Maanshan-1 returns but High Demand keeps Margins Tight

The Jingmei River behind NCCU was swollen with much needed rainfall, but most of Taiwan remained dry.

Amid torrential rains that potentially put water behind the dams at Taiwan’s hydropower plants as well as the restart of Maanshan Nuclear Power Plant(NPP3), Taiwan might expect that its energy squeeze would have eased today. Hydropower makes a small but important contribution to Taiwan’s power supply, and the end of the longstanding drought would improve Taiwan’s energy situation. Maanshan unit 1, which was offline for several weeks of annual maintenance, is a major factor in Taiwan’s power supply, and the restart of its 951 megawatts (MW) brought nuclear power once more to 10% of total power generation. The 800MW coal-fired Linkou unit 3 also returned to service, likewise adding to capacity.

Unfortunately, reserve margins remained stubbornly at Yellow, reading 6.01%. Below 6%, Taiwan’s power supply would be at risk of shortages.

Taiwan’s reserve margins flashed Yellow, for tight supply, despite a boost in capacity. Source: Taipower website

Several factors are contributing to this situation.

First, the rains were confined to northern Taiwan, while the bulk of hydropower is in the central and southern regions. Hydropower remains less than half of 1% of Taiwan’s total generation. Wind, never a big factor during the hot summer months, likewise generated less than 1% of Taipower’s load.

Heavy rains fell in northern Taiwan, but the rest of Taiwan remained hot and dry. https://www.cwb.gov.tw/eng/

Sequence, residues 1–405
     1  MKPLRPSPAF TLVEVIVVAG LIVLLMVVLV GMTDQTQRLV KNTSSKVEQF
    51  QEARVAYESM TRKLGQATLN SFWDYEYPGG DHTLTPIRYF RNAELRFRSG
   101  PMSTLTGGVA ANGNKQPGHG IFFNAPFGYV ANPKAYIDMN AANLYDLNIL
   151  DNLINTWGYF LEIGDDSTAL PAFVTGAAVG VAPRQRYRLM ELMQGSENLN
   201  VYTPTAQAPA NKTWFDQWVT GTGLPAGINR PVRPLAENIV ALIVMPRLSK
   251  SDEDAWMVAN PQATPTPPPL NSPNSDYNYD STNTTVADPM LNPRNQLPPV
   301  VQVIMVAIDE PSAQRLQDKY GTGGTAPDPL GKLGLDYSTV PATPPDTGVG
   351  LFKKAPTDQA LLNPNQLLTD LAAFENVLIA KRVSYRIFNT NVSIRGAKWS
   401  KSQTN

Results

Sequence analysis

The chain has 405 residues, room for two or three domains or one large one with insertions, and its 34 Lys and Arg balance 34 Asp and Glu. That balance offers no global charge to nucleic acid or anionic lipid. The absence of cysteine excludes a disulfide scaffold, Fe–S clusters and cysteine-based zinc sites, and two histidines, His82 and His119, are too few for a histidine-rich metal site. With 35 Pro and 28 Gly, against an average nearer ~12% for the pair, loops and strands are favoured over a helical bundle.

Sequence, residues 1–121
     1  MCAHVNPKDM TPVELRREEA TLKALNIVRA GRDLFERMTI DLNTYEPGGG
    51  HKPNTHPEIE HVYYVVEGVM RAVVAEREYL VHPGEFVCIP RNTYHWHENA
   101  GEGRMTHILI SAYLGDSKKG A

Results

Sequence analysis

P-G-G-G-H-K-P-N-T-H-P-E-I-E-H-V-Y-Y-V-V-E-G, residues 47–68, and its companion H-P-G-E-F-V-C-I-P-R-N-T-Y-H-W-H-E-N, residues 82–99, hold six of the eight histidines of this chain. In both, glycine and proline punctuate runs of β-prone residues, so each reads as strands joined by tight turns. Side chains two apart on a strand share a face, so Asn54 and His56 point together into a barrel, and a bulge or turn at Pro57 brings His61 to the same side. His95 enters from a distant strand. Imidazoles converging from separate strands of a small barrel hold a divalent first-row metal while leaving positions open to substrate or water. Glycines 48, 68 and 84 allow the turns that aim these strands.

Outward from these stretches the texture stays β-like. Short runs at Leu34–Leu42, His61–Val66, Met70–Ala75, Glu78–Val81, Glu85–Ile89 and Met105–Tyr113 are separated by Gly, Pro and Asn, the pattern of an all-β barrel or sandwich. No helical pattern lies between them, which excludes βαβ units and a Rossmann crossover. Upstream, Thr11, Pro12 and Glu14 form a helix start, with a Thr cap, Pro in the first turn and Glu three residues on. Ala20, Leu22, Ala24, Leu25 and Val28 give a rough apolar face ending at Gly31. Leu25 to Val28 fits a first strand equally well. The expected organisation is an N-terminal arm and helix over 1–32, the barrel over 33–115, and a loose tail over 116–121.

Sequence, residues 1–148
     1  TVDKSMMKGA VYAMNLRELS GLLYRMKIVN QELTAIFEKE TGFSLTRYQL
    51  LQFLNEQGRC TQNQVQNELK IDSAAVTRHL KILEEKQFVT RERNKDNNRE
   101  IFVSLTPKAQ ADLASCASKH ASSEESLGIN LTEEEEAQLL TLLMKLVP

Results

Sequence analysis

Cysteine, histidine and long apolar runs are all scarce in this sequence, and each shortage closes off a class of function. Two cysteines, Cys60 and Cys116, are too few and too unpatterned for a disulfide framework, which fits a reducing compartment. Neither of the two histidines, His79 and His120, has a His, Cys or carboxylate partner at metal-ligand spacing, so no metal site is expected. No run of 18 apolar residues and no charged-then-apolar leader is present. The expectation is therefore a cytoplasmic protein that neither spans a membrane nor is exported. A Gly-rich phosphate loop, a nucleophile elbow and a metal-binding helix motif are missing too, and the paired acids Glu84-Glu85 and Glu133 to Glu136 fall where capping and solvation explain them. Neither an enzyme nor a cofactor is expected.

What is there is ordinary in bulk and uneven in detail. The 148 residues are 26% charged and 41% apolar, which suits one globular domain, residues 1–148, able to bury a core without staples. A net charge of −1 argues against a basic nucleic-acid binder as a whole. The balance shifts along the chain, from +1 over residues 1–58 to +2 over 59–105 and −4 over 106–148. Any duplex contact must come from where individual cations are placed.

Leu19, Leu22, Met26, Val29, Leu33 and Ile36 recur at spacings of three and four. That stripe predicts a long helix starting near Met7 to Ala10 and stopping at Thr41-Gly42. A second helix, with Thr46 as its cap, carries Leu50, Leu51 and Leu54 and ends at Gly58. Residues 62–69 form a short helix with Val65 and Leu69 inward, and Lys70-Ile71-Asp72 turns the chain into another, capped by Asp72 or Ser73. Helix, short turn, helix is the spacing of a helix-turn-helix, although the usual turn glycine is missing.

Prevailing sunshine did enable solar PV to generate at high volumes, reaching 3,320MWh at 1pm, according to Taipower data, nearly 9% of the total at near peak demand and not far behind nuclear’ s 3,694MWh recorded at the same time. But solar drops off quickly and by the evening peak after 6:30pm, solar is almost nonexistent.

Screenshot of power supply by fuel — solar is topmost green, nuclear is bottom pink. https://www.taipower.com.tw/tc/page.aspx?mid=206&cid=404&cchk=8ccc1918-8cae-4f40-a2d0-b43454f4f218

Another issue is the number of large scale combined cycle gas turbines (CCGT) which remain offline. Datan CCGT unit 6, Xingda CCGT unit 2, Dalin CCGT unit 6, along with the 500MW oil-fired Concord unit 4, remain offline for maintenance. Together, they comprise 2,219MW of capacity that is not operating.

The single biggest factor, however, is demand that continues to exceed expectations. Sunshine and high heat result in high demand, and Taipower’s peak load at 1:50pm reached at least 37,763MWh. Taiwan’s industrial output apparently remains on track despite the pandemic, with no respite in demand from the industrial sector. Taipower says that demand has risen at least 3% in Q1 2021, and the Bureau of Energy forecasts a sustained annual rise of 2.5% through 2027.  

Coal remains vital to Taipower’s supply, and Taichung’s power plant continues to operate at nearly full power. Coal generated over 40% of the total load today, neck in neck with natural gas, while multiple other units were dragooned into service, including backup diesel power at 1.3% (greater than hydropower and wind combined) and pumped storage, which generated 2.5% of total load at the peak at 1:50pm, generating 940MWh.

All three units of Linkou’s ultrasupercritical power plant are operating at over 94% (top), while eight out Taichung’s 10 units are running full steam.

Supplies will remain tight through the week on extraordinary demand before finally easing up on the weekend. Next week will likely also be tight, as Kuosheng NPP2 unit 1 will be coming offline permanently perhaps as early as next week.

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